As soon as our bouncy Labrador cross Golden Retriever came home with us, he started to make our lives better in ways I could never have imagined (Picture: Naomi Walsh)
When the idea of having a medical detection dog coming to live with me and my son, Jamie, was first floated by a teacher, I have to admit – I wasn’t too sure.
I’d never grown up with dogs, and I had my hands full being Jamie’s sole full-time carer – did I really need something else to look after?
But as soon as Richmond, our bouncy Labrador cross Golden Retriever, came home with us, he started to make our lives better in ways I could never have imagined.
Just before Jamie turned two, he was diagnosed with type 1 diabetes.
He’d been very ill, so finding out what was wrong with him was something of a relief. Though not curable, having type 1 diabetes is something that’s often manageable with an injection a day.
‘We can cope with that,’ I thought to myself. Soon, it became clear that this wasn’t the case.
Jamie’s blood sugar levels were never regulated, constantly being too high or too low. At age three, he had to stay in hospital for eight-and-a-half months for specialists to figure out what the issue was.
Ultimately, Jamie was diagnosed with insulin binding and releasing antibodies – a rare condition that means his body stores his insulin and doesn’t send it where it needs to go, making his blood sugar extremely high.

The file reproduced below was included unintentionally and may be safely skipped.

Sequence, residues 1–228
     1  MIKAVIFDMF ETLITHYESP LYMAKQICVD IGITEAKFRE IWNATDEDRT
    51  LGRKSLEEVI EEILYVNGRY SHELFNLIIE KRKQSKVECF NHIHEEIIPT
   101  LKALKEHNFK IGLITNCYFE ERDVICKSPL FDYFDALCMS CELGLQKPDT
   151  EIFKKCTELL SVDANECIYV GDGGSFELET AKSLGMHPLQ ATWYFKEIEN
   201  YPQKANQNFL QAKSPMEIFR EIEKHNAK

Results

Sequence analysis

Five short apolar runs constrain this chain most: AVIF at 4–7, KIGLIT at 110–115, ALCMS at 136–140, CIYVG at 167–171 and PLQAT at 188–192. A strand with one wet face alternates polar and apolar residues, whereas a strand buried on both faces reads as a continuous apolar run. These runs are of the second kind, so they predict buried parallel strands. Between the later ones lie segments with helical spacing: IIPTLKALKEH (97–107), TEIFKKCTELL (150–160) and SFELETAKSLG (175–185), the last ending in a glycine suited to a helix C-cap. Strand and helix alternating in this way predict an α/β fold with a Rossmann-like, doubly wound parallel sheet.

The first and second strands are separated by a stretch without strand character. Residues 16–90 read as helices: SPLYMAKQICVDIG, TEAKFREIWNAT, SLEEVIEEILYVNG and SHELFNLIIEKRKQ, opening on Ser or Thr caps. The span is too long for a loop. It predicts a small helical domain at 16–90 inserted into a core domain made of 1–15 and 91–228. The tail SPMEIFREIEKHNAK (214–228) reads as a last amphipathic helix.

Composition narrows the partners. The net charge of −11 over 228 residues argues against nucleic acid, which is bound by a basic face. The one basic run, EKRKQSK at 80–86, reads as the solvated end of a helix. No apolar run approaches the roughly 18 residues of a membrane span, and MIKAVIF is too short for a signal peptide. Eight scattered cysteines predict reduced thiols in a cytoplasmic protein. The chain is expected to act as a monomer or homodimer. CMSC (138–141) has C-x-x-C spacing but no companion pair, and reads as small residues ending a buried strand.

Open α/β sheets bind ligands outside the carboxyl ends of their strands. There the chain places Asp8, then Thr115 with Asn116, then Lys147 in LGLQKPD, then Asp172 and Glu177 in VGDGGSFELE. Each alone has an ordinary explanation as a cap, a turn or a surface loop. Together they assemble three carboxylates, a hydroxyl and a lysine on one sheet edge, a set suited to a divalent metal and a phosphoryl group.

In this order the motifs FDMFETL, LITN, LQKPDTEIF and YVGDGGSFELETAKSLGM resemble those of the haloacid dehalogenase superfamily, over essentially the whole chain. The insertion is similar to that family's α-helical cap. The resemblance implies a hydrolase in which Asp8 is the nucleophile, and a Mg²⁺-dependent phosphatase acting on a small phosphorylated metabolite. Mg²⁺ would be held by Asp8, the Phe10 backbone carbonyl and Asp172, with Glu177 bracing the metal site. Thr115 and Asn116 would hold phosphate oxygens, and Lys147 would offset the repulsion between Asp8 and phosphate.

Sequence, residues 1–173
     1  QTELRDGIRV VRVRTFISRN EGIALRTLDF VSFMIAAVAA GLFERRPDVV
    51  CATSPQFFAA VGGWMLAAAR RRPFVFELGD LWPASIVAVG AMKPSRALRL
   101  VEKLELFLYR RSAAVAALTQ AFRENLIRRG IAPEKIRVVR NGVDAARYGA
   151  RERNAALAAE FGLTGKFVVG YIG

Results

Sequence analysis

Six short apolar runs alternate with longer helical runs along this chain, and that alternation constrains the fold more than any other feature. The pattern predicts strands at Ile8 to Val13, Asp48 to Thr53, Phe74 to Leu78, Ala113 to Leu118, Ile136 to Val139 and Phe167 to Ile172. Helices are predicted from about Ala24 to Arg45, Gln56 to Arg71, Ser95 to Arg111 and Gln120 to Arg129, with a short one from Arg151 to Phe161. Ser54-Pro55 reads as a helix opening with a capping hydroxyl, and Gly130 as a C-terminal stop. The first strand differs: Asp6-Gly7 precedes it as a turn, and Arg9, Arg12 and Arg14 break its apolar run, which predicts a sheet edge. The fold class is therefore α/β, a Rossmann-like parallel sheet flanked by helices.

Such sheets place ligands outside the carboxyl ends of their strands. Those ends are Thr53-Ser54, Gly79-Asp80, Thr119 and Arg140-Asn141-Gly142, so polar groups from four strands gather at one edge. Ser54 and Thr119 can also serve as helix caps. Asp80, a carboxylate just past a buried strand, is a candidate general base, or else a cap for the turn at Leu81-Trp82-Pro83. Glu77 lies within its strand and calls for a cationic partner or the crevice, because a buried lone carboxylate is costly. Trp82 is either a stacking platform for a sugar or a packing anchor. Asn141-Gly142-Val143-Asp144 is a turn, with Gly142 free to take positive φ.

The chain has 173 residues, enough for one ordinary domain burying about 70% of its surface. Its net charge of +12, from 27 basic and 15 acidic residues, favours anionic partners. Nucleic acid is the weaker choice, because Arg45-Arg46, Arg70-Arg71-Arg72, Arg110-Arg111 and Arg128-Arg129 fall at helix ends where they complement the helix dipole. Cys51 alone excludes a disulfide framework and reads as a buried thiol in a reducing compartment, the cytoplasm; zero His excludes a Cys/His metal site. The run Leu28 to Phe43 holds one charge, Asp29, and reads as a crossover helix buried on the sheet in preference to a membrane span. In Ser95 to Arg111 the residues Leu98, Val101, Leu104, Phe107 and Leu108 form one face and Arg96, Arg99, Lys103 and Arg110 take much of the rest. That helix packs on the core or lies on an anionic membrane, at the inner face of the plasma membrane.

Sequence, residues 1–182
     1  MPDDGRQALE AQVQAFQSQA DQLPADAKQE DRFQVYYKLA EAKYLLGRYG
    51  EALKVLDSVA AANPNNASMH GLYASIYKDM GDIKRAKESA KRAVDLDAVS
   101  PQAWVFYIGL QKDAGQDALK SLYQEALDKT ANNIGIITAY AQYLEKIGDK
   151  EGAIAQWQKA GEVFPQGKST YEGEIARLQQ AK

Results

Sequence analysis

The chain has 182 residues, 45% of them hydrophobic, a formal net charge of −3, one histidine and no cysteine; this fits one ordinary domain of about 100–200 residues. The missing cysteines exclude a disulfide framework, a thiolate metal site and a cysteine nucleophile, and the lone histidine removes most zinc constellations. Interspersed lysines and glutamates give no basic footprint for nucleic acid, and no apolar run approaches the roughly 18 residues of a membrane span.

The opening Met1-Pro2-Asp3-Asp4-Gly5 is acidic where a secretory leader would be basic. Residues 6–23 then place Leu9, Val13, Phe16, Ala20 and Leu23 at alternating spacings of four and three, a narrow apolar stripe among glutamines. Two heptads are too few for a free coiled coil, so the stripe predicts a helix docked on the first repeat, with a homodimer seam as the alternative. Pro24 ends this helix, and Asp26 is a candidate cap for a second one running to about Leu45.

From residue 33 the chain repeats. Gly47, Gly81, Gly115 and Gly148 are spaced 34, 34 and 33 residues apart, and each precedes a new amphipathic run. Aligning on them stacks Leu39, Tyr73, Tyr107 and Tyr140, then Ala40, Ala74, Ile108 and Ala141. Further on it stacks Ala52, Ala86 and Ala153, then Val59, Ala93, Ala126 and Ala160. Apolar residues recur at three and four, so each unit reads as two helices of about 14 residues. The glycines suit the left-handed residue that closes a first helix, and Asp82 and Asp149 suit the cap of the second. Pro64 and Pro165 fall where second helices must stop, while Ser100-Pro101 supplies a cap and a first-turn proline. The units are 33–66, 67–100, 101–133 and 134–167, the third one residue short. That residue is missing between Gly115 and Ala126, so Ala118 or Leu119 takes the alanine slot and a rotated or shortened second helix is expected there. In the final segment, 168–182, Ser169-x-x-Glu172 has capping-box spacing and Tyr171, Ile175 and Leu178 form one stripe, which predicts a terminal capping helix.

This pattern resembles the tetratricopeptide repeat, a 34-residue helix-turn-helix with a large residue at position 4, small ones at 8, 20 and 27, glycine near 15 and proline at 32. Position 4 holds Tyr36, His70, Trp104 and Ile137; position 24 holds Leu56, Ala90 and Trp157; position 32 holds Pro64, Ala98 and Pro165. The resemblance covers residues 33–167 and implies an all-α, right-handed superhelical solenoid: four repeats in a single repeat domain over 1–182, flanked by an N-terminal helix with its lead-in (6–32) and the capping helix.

But if he got stressed, upset, excited, or experienced any sort of high emotion, his body would then release all stored insulin, causing his blood sugar to be extremely low.
A severe reading in either direction is a serious cause for concern. Low blood sugars can cause seizures, comas and possible death, while high blood sugars can also cause life-threatening complications, such as diabetic ketoacidosis (DKA) – a condition caused by the body needing to break down fat as a source of energy, which can lead to a diabetic coma.
We left the hospital knowing that he’d need constant care. Jamie’s blood sugars needed to be tested between every 15 minutes and every two hours, 24 hours a day.
Seeing their relationship grow has been amazing (Picture: Naomi Walsh)
Someone had to be awake and alert with him at all times, so there was a rotation of night nurses at home to stay with him overnight, as well as nurses by his side at school.
But checking his levels at these regular intervals wasn’t always enough – he showed no symptoms of being high and low. He wasn’t symptomatic until it was almost too late to give treatment and we’d have to call ambulances between three and five times a week.
If Jamie gets too high or low, he needs IV treatments – dextrose to raise his levels, and insulin and IV fluids to bring them down.
Luckily, I …read more
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